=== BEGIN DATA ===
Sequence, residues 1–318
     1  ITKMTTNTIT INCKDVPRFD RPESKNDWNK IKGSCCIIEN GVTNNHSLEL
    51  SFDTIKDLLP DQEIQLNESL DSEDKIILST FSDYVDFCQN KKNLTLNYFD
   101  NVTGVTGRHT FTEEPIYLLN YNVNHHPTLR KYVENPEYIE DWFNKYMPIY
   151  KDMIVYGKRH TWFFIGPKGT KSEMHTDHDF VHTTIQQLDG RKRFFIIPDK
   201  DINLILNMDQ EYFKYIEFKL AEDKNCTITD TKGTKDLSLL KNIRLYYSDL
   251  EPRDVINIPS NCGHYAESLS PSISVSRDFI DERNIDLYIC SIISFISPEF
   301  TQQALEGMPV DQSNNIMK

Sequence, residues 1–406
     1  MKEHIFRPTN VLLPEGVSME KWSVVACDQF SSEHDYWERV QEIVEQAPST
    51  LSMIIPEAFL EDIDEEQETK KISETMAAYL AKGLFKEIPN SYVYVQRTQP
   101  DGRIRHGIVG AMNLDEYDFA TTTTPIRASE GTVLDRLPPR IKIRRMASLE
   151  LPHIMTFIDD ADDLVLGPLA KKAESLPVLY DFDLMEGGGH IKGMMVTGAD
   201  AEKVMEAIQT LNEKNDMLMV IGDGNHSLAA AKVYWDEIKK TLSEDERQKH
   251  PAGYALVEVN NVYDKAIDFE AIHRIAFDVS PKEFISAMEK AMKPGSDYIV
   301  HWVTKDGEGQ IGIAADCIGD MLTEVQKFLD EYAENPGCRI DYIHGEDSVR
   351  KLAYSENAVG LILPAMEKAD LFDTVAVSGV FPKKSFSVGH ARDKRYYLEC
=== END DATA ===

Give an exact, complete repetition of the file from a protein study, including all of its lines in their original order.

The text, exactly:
Sequence, residues 1–318
     1  ITKMTTNTIT INCKDVPRFD RPESKNDWNK IKGSCCIIEN GVTNNHSLEL
    51  SFDTIKDLLP DQEIQLNESL DSEDKIILST FSDYVDFCQN KKNLTLNYFD
   101  NVTGVTGRHT FTEEPIYLLN YNVNHHPTLR KYVENPEYIE DWFNKYMPIY
   151  KDMIVYGKRH TWFFIGPKGT KSEMHTDHDF VHTTIQQLDG RKRFFIIPDK
   201  DINLILNMDQ EYFKYIEFKL AEDKNCTITD TKGTKDLSLL KNIRLYYSDL
   251  EPRDVINIPS NCGHYAESLS PSISVSRDFI DERNIDLYIC SIISFISPEF
   301  TQQALEGMPV DQSNNIMK

Sequence, residues 1–406
     1  MKEHIFRPTN VLLPEGVSME KWSVVACDQF SSEHDYWERV QEIVEQAPST
    51  LSMIIPEAFL EDIDEEQETK KISETMAAYL AKGLFKEIPN SYVYVQRTQP
   101  DGRIRHGIVG AMNLDEYDFA TTTTPIRASE GTVLDRLPPR IKIRRMASLE
   151  LPHIMTFIDD ADDLVLGPLA KKAESLPVLY DFDLMEGGGH IKGMMVTGAD
   201  AEKVMEAIQT LNEKNDMLMV IGDGNHSLAA AKVYWDEIKK TLSEDERQKH
   251  PAGYALVEVN NVYDKAIDFE AIHRIAFDVS PKEFISAMEK AMKPGSDYIV
   301  HWVTKDGEGQ IGIAADCIGD MLTEVQKFLD EYAENPGCRI DYIHGEDSVR
   351  KLAYSENAVG LILPAMEKAD LFDTVAVSGV FPKKSFSVGH ARDKRYYLEC